I want to preface this by saying that I know absolutely NOTHING about running. Always hated it in school because I was (am) the SLOW, CHUBBY girl who takes FOR. EV. ER. to finish the mile in PE. In fact, some times when we’d run indoors, we’d hide in the pile of gym mats until about 12 minutes had passed, take a couple laps, and then say we’re done. (Hey, I’m not too proud to admit that!)
Anywho…I know nothing about running…always jealous of those who enjoy it – it really seems like it’d be relaxing, and a nice way to wind down after a particularly crummy day. I never really tried it because I was embarrassed (still am a bit, if I’m honest) because I’m still the chubby slow girl who huffs and puffs a few steps then peters out and walks the rest of the way. Fast forward to May of this year when – on a bit of a whim – my aunt, uncle, cousin, mom, husband and I decided to participate in a 5K to help raise money for young man battling cancer. (I ask you, who decides to run a 5K on a whim?!!??!!) So we went….and we ran…and it was….GREAT! (I should add the disclaimer that I didn’t run the whole thing…I jogged to the 1/4 mile mark, then walked the rest of the way with my aunt. My husband did well jogging most of it (sprinting the last lap) with my Uncle, my cousin jogged all of it, and my awesome mom jogged most of the way as well!) But I have to tell you – I loved it. I was sweaty, tired, my legs were exhausted, but it felt wonderful. We all decided to sign up for another 5K in August – and this time I’m determined to jog the whole thing.
OK…back to my original thought…I don’t know any thing about running – proper form, foot strike, strides-per-minute, etc. I have been trying to learn as much as I can to improve – I know I don’t have proper form and I seem to get physically tired more quickly than it seems I should (I can go an hour or two with Zumba classes and feel great). So I thought I’d do some looking online for hints and technique to try out while I’m completing the Couch 2 5K program.
I first learned about my foot type (forgive me – I don’t know if there is a proper term for it), and I have low/flat arches, and I over-pronate as a result. Most running forums and articles recommend motion control or stability control running shoes. I have some decent shoes already, but they feel very heavy on my feet; I know I want something more lightweight. In reading more about shoes, inevitably barefoot or natural running comes up. And after reading more about it, I can see where it would be more beneficial/comfortable on your feet, legs, knees, and hips.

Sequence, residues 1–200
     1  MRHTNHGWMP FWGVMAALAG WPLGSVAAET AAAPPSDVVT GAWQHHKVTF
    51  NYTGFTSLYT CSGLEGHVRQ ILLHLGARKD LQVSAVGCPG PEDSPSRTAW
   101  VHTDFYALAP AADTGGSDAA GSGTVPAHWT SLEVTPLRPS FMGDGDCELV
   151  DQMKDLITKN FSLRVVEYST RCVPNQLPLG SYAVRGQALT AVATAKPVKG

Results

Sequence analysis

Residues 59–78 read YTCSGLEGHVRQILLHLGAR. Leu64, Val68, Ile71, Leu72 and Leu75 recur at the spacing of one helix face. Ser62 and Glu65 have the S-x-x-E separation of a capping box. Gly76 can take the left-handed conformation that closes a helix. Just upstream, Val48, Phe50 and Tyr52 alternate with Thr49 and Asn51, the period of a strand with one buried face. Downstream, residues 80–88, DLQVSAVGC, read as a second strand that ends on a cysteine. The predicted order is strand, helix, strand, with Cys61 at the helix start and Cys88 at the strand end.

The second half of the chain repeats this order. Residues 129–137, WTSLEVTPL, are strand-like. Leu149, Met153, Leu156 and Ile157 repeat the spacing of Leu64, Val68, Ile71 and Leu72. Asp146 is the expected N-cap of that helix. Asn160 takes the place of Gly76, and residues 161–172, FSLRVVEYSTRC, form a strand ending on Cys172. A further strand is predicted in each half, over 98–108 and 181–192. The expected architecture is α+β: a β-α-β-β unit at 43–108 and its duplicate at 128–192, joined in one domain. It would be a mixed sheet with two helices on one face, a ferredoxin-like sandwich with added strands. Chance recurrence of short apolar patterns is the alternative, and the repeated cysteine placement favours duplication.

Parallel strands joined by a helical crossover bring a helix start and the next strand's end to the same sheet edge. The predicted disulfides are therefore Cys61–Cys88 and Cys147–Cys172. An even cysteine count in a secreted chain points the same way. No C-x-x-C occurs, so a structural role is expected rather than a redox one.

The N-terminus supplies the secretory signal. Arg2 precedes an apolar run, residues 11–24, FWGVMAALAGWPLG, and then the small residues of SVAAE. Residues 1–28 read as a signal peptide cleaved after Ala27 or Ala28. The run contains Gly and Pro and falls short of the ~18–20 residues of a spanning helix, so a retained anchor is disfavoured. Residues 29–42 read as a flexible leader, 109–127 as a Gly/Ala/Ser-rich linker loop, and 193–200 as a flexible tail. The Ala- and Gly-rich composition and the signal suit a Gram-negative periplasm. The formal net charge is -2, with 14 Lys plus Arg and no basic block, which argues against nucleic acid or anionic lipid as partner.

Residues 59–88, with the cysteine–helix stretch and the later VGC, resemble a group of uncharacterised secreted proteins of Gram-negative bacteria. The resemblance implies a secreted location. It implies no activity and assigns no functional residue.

In doing further research on the subject of shoes and the like, I found a YouTube video of a person running on a treadmill with normal shoes, similar to what I wear. The foot strikes heel first, which is how it is for most runners, which tells me it may be ‘normal’. In the middle of the video, the runner removes his shoes, and begins to run again…the change is amazingly obvious – the foot strikes mid-sole or closer to the ball of the foot. Those of the ‘natural’ running persuasion feel this is the appropriate way to run. I began to think about this, in relationship to the shoes…most running shoes have a thicker sole, and a thicker heel – meant to protect the foot, provide support and cushion the impact of the foot strike. When you’re wearing shoes, you don’t really think about what you’re stepping on…you don’t think about the surface under your feet. You trust that your shoes will protect your feet from any foreign objects that might cause injury.
Now think about what happens when you’re barefoot. (Go ahead…take your shoes off and walk around a bit…I’ll wait…) What happened? When you stepped down, did the ball of your foot tend to hit the floor first? Is this because, when we’re barefoot, we don’t feel that sense of security of our feet? Do we subconsciously feel more vulnerable when our feet are bare, and so we tend to step lighter? Could this be why so many are turning to natural or barefoot running? Wearing thicker soled shoes may cause us to be more aggressive with our stride – we may strike the ground harder because we can’t feel the impact as much, which in turns causes stress on the joints which have to absorb the shock of impact.
Are there any runners out there? Am I on the right track? (HA! Get it!? Running…track…hehehehe!) Any suggestions for thinner soled shoes which still provide support for my lower/flat arches and over-pronation, but still gives me a sense of what surface I’m running on?